Gaulkin recommended that judges adopt the scientific studies on the issue and that prosecutors be required to prove the reliability of an eyewitness during a pretrial hearing, much as they already must show the integrity of trace evidence collected at crime scenes.

It's not that eyewitnesses are lying. Studies attribute mistakes to a variety of causes. Memory changes with time, police may be too suggestive during lineups about who they believe is the perpetrator, and if weapons are used in crimes, they draw victims' attention away from the criminals. Also, even the most-certain eyewitness can be wrong.

"A new framework is urgently needed to address what the science has told us," said Ezekiel R. Edwards, a lawyer with the Innocence Project in New York who participated in the New Jersey inquiry on the issue.

Prosecutors have expressed concern that even valid eyewitness identifications might be cast in doubt and that eyewitnesses will feel they are on trial.

Rago said he, too, worried about the victims. The goal, he said, is to come up with sound practices "in a way that respects the very, very difficult journey that a victim goes through."

The sheer magnitude of the New Jersey inquiry was hailed by some as an example of how seriously the state high court views the matter. Oral arguments on the issue are expected in the fall.

The review was ordered in a Camden case in which the defense contended that the police had violated the 2001 guidelines on lineups.

Those guidelines say that an administrator not involved in the case should conduct the lineup and that individual photos of suspects should be shown sequentially, instead of as part of an array of photos shown all at once.

The guidelines also say that witnesses should be told the perpetrator might not even be among the suspects in a photo array or lineup.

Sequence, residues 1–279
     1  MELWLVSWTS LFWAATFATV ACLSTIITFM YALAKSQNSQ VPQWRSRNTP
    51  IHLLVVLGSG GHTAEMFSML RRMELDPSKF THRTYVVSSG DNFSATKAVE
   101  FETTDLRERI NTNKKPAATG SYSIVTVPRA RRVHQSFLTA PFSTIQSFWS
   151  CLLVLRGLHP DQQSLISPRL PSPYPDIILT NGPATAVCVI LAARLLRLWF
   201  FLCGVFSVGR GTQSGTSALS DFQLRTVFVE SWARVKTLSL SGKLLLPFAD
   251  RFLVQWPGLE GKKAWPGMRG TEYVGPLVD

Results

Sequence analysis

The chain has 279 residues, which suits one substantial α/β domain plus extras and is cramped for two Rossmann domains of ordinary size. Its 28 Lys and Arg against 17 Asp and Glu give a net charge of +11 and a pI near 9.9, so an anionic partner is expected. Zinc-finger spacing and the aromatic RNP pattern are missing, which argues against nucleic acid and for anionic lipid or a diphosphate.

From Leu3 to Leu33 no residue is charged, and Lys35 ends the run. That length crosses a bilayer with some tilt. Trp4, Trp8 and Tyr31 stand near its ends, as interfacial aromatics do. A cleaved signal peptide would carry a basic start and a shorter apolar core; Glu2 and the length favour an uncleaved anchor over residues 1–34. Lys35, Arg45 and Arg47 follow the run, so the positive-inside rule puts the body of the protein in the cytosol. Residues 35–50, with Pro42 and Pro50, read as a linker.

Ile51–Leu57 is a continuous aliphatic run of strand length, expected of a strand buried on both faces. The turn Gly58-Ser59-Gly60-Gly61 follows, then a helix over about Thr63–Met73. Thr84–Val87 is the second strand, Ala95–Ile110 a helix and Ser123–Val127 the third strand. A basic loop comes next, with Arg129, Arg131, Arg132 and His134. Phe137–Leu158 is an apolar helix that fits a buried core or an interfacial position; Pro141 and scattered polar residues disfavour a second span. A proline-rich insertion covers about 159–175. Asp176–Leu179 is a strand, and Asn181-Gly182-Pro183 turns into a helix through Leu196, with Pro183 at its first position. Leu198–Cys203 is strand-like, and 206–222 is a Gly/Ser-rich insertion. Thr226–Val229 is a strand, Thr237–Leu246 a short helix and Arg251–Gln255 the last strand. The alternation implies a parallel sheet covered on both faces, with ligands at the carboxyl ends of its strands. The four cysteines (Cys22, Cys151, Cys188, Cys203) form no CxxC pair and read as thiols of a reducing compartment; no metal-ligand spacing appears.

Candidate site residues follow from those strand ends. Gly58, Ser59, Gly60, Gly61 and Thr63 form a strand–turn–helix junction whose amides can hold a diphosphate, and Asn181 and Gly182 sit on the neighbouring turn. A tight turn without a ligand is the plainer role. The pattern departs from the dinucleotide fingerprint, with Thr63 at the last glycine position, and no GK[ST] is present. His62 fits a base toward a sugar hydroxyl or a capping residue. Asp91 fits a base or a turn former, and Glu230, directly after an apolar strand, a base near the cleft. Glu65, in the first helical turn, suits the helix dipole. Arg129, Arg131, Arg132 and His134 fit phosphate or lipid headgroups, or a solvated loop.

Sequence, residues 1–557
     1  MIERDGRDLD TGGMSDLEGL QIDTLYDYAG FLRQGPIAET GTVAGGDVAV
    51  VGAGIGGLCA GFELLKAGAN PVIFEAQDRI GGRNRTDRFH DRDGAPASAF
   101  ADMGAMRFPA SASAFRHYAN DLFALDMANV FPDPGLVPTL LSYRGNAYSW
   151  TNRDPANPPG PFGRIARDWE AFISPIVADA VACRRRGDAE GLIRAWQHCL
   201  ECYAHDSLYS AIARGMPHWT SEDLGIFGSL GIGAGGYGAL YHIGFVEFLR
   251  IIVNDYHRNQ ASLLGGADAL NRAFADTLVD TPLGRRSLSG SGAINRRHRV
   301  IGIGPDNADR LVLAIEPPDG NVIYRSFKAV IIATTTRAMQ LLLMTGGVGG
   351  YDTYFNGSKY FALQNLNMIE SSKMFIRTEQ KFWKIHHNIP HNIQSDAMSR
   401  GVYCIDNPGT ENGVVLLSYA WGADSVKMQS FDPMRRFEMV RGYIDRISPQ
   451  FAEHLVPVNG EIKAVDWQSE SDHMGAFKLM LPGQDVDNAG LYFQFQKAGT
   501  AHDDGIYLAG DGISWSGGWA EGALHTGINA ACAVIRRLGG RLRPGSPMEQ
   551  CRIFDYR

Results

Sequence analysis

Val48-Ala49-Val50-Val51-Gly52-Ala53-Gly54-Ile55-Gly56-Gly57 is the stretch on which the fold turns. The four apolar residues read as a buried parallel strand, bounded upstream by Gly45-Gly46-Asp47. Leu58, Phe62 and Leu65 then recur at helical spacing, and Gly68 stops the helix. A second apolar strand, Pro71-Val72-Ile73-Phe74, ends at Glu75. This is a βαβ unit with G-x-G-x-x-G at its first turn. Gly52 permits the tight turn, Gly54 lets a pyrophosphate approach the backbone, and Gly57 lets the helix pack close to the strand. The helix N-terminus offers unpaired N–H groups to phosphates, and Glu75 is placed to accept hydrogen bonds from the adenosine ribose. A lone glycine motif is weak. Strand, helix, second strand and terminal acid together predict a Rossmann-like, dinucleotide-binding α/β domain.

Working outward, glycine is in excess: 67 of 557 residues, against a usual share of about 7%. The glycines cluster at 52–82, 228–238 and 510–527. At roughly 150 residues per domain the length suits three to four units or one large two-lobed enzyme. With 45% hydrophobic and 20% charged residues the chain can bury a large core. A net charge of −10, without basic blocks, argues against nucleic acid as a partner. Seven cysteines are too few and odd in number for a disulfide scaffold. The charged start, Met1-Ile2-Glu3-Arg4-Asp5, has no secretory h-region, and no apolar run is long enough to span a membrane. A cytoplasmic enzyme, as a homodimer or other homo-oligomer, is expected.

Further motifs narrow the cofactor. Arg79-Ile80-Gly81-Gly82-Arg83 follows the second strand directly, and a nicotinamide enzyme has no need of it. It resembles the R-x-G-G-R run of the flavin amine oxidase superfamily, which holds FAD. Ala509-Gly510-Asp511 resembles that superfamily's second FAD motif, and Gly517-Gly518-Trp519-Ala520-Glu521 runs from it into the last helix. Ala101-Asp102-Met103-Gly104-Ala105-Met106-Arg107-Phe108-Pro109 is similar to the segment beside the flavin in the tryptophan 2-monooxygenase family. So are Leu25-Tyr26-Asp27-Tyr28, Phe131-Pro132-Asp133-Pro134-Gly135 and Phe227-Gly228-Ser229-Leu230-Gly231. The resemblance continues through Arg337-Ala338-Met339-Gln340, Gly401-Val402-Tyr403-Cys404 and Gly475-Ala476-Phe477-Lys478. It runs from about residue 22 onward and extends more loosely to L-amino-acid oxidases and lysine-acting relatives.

Pennsylvania, meanwhile, has no statewide guidelines on lineups.

Pennsylvania also is one of only two states that have barred expert testimony on the evolving science of memory and identification, said Rago, who said Tennessee and a federal appeals court in the West also prohibit such testimony.

The Pennsylvania Supreme Court said in a 1954 case that jurors can view an eyewitness with caution if the witness did not have a good view or had equivocated on the identification. But the court had not broached issues such as cross-racial identification.

Veteran criminal-defense lawyer Jules Epstein, a law professor at Widener University, examined the issue of mistaken identification in a research paper comparing how Pennsylvania, New Jersey, and Delaware have dealt with the problem.

He concluded that, except in New Jersey, too little has been done to prevent miscarriages of justice.

But, he noted, the problem is nothing new.

Epstein, among the experts called to testify in New Jersey, dug up a Pennsylvania Supreme Court case from 1896.

In that case, the court called identification "one of the least reliable" kinds of evidence and one of the "more difficult subjects" for the justice system.

Contact staff writer Emilie Lounsberry at 215-854-4828 or